I'm [not really all that] fine.

oh my gosh. how are you!?

it's a normal, every-day kind of question. a question I've asked myself hundreds - probably thousands - of times. a social etiquette. a modern day, 'how do you do?' and yet, recently, it's a question I've not been able to find an appropriate response to.

my answers used to be of the, "great!", "good.", "amazing. how are you?" variety. but now, now I settle for "okay, thanks." or even worse, "fine.", because pretending to be more than just surviving seems like a lie. even "fine" seems like a stretch some days. but I am. I'm fine. I'm getting by. I'm staying afloat. the water may be up to my top lip, but I'm still breathing. I. am. fine.

at least that's what I tell myself.

until,

- I go to send Kevin a text message - something hysterical or even just completely stupid, only to realise there will never be an answer on the other end. 

- I'm required to document all of my household members (current and past) and have to list my 23 year old brother as if he's still here because, "dead" or "overdosed" isn't a drop-down option. 

- I have to keep myself from calling just to hear the sound of his all-too-short voicemail.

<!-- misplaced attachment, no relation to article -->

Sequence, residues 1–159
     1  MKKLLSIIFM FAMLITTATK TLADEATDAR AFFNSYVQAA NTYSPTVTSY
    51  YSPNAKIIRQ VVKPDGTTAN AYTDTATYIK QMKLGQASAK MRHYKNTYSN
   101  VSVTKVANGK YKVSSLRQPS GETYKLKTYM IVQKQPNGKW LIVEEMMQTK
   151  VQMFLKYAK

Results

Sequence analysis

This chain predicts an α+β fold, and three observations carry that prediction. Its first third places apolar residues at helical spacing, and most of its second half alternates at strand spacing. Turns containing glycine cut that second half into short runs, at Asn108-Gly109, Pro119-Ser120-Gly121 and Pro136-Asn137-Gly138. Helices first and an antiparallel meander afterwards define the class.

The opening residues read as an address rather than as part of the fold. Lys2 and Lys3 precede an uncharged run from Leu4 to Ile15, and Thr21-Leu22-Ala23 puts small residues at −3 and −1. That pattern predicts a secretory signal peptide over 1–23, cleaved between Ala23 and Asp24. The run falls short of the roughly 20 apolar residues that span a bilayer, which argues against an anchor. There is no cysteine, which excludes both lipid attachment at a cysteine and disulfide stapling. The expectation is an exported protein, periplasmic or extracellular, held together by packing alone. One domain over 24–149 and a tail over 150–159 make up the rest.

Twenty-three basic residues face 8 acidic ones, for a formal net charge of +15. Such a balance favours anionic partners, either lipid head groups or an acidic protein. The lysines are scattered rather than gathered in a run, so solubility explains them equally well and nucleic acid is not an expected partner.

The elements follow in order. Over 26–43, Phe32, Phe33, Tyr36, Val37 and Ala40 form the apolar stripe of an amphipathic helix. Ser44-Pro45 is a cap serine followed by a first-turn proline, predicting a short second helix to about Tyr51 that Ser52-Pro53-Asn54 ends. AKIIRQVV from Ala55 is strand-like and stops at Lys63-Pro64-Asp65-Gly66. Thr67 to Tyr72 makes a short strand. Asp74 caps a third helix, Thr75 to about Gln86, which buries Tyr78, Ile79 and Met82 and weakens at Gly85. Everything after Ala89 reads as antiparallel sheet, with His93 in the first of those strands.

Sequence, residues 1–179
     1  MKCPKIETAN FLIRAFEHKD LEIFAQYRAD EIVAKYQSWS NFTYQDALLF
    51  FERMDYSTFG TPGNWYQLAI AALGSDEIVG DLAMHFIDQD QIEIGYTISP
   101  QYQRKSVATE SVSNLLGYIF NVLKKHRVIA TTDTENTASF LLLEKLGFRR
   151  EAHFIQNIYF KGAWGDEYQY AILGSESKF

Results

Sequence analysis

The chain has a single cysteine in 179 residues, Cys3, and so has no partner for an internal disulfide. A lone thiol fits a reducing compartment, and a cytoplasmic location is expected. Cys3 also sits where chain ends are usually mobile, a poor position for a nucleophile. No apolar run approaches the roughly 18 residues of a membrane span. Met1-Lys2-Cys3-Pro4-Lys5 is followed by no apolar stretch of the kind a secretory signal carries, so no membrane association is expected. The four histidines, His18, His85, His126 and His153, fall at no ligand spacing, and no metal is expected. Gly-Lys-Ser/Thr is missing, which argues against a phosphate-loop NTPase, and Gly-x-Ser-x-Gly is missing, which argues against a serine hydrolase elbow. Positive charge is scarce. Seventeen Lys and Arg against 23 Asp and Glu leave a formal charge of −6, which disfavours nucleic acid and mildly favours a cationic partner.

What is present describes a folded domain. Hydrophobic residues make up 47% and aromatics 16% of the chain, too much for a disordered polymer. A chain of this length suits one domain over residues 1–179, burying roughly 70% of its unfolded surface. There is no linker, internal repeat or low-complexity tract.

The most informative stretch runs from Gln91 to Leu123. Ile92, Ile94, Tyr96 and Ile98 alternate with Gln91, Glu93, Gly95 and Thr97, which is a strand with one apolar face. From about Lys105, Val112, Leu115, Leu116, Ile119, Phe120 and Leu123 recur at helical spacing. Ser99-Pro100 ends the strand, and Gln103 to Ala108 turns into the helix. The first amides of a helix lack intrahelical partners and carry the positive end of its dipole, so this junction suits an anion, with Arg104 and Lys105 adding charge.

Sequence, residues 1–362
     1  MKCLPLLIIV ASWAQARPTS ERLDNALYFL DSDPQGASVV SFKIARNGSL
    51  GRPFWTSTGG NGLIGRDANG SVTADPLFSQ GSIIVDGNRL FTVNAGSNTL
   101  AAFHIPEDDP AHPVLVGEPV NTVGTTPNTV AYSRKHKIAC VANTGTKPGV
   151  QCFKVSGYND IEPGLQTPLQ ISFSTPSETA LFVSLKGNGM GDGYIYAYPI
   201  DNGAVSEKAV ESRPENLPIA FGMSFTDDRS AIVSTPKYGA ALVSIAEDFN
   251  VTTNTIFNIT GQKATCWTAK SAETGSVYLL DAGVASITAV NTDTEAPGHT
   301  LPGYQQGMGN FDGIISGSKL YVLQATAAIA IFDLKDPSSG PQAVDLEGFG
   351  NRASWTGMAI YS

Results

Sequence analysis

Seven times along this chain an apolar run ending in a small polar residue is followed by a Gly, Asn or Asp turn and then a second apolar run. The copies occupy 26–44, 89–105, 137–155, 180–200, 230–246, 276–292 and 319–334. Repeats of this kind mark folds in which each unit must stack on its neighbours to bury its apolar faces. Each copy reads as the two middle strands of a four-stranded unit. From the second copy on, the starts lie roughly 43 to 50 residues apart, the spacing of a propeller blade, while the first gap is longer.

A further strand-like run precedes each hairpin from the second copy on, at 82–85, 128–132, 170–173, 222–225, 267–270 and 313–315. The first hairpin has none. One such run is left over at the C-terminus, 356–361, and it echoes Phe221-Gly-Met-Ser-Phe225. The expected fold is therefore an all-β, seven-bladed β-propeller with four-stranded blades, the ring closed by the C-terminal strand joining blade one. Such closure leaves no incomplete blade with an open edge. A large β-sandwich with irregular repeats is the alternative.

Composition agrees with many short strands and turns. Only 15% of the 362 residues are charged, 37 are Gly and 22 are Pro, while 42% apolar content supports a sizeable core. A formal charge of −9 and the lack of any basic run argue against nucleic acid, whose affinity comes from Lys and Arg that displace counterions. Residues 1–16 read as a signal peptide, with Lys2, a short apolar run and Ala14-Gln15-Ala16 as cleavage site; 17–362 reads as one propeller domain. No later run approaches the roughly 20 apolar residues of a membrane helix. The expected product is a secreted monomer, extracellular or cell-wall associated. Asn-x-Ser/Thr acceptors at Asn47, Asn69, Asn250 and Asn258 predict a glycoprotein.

- a bout of laughter turns into an ocean of tears on the shoulder of a boyfriend who was just trying to be a bright spot in my day. 

- I realise he will always be #3 on my speed dial because, I'll never be able to erase his name. 

- I think about a holiday or family birthday and no longer want to be a part of that sad, lonely table. 

- the simplest things feel like the biggest chores because so much of my energy is already expended on holding it together. if it wasn't for the love of a certain someone, I'd be perfectly content eating rice cakes and peanut butter for every meal. 

- I hear someone nonchalantly reference being addicted to something, or make an off-the-cuf drug reference. because, I'm sure they have no idea. 

- I visit my parents - grandparents - and realise just how fine we're all pretending to be. and just how not fine everybody actually is. 

- I have to drive past the place where he died, trying to stay within the painted yellow lines, pretending as though his cold body wasn't just vacating one of the now-empty rooms. 

- I think about all the times Kevin tried to get help - tried to beat his battle with addiction - only to fail. because, somehow that just doesn't seem fair. to have wanted - and worked for - something with such devotion, only to fall down and never, ever get up. 

- I think about being the only child. left. 

- I see a photo of us and remember him asking, "Nik. why do you always have to take a picture of us?" because this Kev. this. 

but I'm fine. or at least, I will be.